A new report from the National Academies of Sciences, Engineering, and Medicine examines to what extent and in which ways health care utilization — such as in-patient hospitalizations, emergency department use, and hospital readmission — reflects disease severity, disability, and ability to perform gainful activity. The committee that conducted the study was unable to find an association between health care utilization and disease severity as it relates to the Social Security Administration’s (SSA) determination of severe impairment — an impairment or combination of impairments severe enough to prevent a person from performing any gainful activity regardless of age, education, or work experience.

Types of health care utilization vary with combinations of health conditions, and although there might be a connection between some types of utilization and impairment severity or disability, the committee could not make that specific connection on the basis of available data.

The SSA administers two programs that provide benefits based on disability. The Social Security Disability Insurance (SSDI) program provides disability benefits to people under the full retirement age who are no longer able to work because of a disabling medical condition or a terminal illness. The Supplemental Security Income (SSI) program is a means-tested income-assistance program for disabled, blind, and aged people who have limited income and resources regardless of their prior participation in the labor force.

Full story at Science Daily

How Knowing When to Call in Professional Help is Key

Even though we would like to think we can, it’s impossible to handle all of life’s nuisances on our own. In fact, many of history’s most successful people attributed their successes to knowing when to seek the help of others. This goes for all areas of life whether it be business, education or dealing with a problem. For me, dealing with a major problem is where I finally learned this significant life lesson.

Trying to always handle things myself, I came to a road block when a huge problem arose within my family. After recently putting my grandmother in a nursing home, she made us aware that things really weren’t going so well. She was complaining to us that the food seemed to be making her sick. My family and I shrugged her complaints off for a while and just thought she was being dramatic and trying to get taken out of the home. However, as time went on, we realized that she was right. She looked worse than ever, seemed a lot thinner and didn’t have much energy. The staff started to give her more medications to help her stomach which ended up having a whole host of negative side effects.

Full story at the Huffington Post

Webinar: More Than Just a Partnership–a Hospital and CBO Collaboration

Peninsula Regional Medical Center and MAC, Inc., (Maintaining Active Citizens) Area Agency on Aging (AAA) and its Living Well Center of Excellence provide support for patients ready to return home through home- and community-based programs and services to help reduce hospital readmissions.

This webinar will describe the value this partnership brings to the AAA, the healthcare system, providers and, most importantly, to the people being served. Presenters will describe how the relationship began; the value a community-based organization (CBO) adds to service delivery and improved health outcomes; the types of patients who can be helped; the culture change needed to make the partnerships work; and the roles of the healthcare system and the CBO.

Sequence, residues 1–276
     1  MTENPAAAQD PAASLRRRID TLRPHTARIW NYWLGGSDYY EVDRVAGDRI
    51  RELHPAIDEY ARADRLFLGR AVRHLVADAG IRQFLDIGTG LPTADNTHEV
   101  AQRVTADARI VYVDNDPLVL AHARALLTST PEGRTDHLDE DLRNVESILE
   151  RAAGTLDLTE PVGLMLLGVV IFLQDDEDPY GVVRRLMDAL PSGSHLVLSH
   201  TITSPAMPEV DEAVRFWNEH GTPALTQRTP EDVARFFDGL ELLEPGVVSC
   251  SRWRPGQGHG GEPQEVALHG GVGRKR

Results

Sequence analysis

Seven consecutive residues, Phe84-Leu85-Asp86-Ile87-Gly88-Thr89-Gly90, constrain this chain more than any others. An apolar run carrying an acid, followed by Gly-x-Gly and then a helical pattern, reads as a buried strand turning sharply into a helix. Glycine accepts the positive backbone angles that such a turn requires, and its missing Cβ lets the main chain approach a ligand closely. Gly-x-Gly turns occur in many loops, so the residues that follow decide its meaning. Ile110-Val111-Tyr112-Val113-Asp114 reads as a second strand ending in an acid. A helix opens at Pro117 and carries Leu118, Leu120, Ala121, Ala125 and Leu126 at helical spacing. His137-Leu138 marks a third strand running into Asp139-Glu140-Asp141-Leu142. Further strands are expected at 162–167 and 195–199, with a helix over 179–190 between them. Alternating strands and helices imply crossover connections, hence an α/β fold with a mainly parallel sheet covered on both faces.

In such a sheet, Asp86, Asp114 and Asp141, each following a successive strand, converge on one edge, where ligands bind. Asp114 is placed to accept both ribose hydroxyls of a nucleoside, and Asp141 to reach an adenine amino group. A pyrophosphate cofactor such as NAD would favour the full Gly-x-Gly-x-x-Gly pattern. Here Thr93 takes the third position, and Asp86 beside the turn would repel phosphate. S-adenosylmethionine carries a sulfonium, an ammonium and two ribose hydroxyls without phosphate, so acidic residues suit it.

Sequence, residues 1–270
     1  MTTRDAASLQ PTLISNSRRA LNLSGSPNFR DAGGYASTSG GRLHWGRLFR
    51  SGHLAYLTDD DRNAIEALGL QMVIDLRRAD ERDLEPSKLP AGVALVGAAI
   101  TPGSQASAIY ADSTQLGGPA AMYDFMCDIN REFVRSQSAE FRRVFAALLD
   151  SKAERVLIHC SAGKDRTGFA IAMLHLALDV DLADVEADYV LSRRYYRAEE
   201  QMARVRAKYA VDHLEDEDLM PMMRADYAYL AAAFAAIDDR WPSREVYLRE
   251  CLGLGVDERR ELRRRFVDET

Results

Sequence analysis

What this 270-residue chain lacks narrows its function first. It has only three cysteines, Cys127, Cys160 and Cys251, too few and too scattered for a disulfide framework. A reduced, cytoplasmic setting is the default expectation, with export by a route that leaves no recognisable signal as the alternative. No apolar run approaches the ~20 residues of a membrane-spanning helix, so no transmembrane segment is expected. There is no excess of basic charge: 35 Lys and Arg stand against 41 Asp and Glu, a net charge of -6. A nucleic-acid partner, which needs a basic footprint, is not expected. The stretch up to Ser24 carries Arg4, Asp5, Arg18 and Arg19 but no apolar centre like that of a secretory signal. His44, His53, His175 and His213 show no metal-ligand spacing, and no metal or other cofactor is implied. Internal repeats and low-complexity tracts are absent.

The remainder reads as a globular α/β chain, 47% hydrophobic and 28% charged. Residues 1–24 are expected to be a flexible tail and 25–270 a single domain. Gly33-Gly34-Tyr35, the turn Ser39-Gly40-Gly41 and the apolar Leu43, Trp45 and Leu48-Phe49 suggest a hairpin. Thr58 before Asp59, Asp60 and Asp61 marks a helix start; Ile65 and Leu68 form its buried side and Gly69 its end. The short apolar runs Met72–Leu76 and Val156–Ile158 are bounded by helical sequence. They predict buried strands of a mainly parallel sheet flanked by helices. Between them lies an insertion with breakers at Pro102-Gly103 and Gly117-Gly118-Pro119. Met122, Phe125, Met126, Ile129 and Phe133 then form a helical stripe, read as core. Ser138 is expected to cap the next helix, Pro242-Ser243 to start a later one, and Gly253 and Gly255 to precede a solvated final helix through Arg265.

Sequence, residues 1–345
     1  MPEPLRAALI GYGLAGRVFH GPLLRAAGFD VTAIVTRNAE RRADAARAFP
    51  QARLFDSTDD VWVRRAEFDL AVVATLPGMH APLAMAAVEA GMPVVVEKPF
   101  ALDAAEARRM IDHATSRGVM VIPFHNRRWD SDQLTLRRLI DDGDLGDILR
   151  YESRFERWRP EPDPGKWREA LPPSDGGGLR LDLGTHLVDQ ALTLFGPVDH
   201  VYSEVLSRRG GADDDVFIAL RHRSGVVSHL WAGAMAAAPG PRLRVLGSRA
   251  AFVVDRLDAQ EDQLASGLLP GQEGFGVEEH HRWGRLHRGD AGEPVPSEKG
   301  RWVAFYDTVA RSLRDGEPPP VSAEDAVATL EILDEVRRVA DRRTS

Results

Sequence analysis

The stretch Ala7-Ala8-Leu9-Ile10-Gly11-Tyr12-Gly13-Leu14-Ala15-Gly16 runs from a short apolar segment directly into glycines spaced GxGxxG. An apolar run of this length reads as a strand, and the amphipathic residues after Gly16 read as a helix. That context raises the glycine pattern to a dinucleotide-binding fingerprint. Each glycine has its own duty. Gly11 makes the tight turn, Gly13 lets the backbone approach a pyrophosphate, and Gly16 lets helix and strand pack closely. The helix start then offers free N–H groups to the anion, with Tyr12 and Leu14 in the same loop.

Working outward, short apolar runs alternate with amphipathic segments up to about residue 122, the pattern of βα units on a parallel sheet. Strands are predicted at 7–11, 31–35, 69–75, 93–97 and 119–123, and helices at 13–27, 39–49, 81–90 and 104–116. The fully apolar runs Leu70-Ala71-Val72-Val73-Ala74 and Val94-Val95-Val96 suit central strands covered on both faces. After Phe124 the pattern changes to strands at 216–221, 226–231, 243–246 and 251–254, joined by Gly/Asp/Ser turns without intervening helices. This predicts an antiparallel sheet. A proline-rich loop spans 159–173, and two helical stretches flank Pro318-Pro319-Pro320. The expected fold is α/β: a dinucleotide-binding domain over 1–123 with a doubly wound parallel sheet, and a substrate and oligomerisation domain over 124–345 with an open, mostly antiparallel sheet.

Full story at

Care managers in patient-centered medical homes increase improvements in diabetes patient outcomes, study shows

Patient centered medical homes (PCMHs) have been found to be an effective way to help care for patients with chronic diseases such as diabetes. Dr. Robert Gabbay, M.D., Ph.D., FACP, Chief Medical Officer and Senior Vice President at Joslin Diabetes Center, and his team conducted a study that shows the strategic placement of care managers in PCMHs can further improve patient outcomes for high-risk diabetes patients.

The study, conducted in southeastern Pennsylvania, compared different models of care management and how they impacted diabetes outcomes in three practices with 25 primary-care PCMHs. The identity of the care managers varied among the sites: with some positions filled by nurses or nurse practitioners, while others used social workers or medical assistants.

Full story of medical home improvements at Science Daily


To prevent people with disabilities from homelessness the U.S. Department of Housing and Urban Development (HUD) and the U.S. Department of Health and Human Services (HHS) today announced nearly $98 million in funding for 13 state housing agencies for rental assistance to low-income persons with disabilities, many of whom are transitioning out of institutional settings or are at high risk of homelessness.

HUD’s support of these state agencies is made possible through the Section 811 Project Rental Assistance Demonstration Program (PRA Demo) which enables persons with disabilities who earn less than 30 percent of median income to live in integrated mainstream settings.

Full story of permanent housing for low income at